U.S. Ambassador to the United Nations Susan Rice recently put it this way when describing Russia’s arms sales to Syria in the midst of this crisis:
“It is not technically, obviously, a violation of international law since there’s not an arms embargo, but it’s reprehensible that arms would continue to flow to a regime that is using such horrific and disproportionate force against its own people.”
As my daughters would say, “Gee, ya’ think?”
Ambassador Rice shows admirable restraint, especially since the only reason there is NOT a UN arms embargo on Syria is that Russia continues to use its veto power on the UN Security Council to prevent one from being imposed!
Sadly, Russia is hardly alone as a purveyor of dangerous weapons to even more dangerous countries. Many nations, including the world’s largest conventional arms exporter, the United States, have been guilty of supplying weapons to morally corrupt, brutal governments, which are prone to committing large scale violations of human rights.
Mitigating the crisis in Syria not only demands more responsible leadership by U.N. Security Council members, it also underscores the urgent need to negotiate and sign a robust, bulletproof ATT.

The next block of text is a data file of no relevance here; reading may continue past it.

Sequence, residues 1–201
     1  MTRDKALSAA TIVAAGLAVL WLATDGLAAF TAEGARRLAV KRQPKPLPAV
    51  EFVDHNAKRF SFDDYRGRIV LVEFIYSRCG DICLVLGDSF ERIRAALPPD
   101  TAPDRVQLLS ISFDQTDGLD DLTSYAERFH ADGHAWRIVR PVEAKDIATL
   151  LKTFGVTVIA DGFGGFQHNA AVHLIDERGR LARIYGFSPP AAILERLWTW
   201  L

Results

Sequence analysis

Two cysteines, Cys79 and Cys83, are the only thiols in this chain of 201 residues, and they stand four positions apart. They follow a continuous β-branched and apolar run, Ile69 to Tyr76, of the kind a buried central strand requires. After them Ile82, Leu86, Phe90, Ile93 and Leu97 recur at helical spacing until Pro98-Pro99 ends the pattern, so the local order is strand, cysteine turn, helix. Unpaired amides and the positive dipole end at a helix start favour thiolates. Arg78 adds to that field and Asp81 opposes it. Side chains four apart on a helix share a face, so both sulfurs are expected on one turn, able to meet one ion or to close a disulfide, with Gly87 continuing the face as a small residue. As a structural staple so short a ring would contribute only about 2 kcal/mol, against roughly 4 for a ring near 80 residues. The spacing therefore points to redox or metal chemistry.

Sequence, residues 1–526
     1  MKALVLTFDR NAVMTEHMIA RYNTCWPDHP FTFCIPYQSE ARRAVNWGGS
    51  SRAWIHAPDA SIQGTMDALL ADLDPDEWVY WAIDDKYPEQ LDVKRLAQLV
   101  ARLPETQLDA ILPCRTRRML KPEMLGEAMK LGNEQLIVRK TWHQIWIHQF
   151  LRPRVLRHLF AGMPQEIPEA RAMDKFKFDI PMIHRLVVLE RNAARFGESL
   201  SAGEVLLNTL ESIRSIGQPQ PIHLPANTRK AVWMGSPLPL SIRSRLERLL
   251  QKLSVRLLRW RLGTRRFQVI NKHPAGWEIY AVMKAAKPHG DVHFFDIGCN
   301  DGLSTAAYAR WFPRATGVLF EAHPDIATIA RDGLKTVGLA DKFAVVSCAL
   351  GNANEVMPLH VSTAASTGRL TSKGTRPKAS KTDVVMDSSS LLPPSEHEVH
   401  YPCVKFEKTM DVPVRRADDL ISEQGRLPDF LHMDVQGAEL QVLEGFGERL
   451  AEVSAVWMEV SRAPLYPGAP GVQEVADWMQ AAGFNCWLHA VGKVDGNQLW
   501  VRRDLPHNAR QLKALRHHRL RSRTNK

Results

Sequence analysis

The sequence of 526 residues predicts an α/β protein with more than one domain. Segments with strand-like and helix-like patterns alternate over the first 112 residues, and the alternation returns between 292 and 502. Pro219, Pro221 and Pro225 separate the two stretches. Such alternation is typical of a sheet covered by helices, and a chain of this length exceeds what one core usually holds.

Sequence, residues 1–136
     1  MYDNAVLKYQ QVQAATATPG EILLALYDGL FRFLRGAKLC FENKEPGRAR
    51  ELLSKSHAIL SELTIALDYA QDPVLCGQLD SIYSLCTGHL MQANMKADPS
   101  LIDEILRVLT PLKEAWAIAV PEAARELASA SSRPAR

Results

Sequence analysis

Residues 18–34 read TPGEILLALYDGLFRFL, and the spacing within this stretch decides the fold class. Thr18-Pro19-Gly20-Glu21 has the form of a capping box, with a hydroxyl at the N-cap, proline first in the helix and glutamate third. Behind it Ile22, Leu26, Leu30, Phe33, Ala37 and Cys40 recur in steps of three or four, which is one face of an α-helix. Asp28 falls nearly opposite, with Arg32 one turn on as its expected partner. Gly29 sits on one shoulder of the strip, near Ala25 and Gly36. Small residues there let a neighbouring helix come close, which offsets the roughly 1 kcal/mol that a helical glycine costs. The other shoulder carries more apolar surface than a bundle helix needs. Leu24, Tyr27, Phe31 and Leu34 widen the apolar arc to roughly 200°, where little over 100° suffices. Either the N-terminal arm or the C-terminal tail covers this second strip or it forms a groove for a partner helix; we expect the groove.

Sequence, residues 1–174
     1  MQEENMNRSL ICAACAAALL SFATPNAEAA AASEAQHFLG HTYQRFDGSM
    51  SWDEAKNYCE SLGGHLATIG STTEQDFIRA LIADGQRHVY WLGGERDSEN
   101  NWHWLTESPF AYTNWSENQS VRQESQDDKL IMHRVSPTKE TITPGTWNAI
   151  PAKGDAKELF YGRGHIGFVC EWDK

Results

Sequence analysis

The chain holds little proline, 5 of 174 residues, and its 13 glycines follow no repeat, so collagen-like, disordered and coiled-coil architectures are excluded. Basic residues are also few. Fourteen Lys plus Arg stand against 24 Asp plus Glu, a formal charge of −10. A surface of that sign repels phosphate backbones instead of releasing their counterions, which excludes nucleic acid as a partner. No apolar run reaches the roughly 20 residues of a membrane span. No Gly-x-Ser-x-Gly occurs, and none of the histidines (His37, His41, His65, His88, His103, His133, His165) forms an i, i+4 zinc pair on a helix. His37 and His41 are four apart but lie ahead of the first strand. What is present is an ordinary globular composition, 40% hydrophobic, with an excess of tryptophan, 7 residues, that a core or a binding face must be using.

At a minimum, the new treaty must prevent the international transfer of arms where there is a substantial risk the weapons would be used to commit serious violations of international human rights law. Watering down this standard will result in a treaty without punch.
The export of ammunition should also be within the scope of the treaty. It is precisely the continued supply of ammunition that feeds and prolongs many conflicts, including the 13-month long crisis in Syria. The United States already licenses the import and export of ammunition, but Washington has been strangely reluctant to call on other nations to do the same in the context of the ATT. Why not level the playing field?
For the treaty to have teeth, member states should be required to report regularly on their arms sales and purchases. If they have nothing to be ashamed of, there should be no problem making their arms deals more transparent, right?
Finally, the treaty should regulate the activities of international arms brokers, such as the notorious Victor Bout. Their desire for profit has fueled gruesome violence against civilians in Sierra Leone, Liberia, and elsewhere.
The ATT is no panacea. Even the most effective treaty will not prevent irresponsible and profit-minded states from providing guns to people intent on violence. But a high quality treaty will make it more difficult for states like Russia to justify arms sales to the Assad regime – with or without a UN arms embargo. And over time, constraining the indiscriminate export of conventional arms will help prevent human rights abuses and make the world a better place.
That’s something even the most ardent supporter of the 2nd Amendment in Texas can get behind.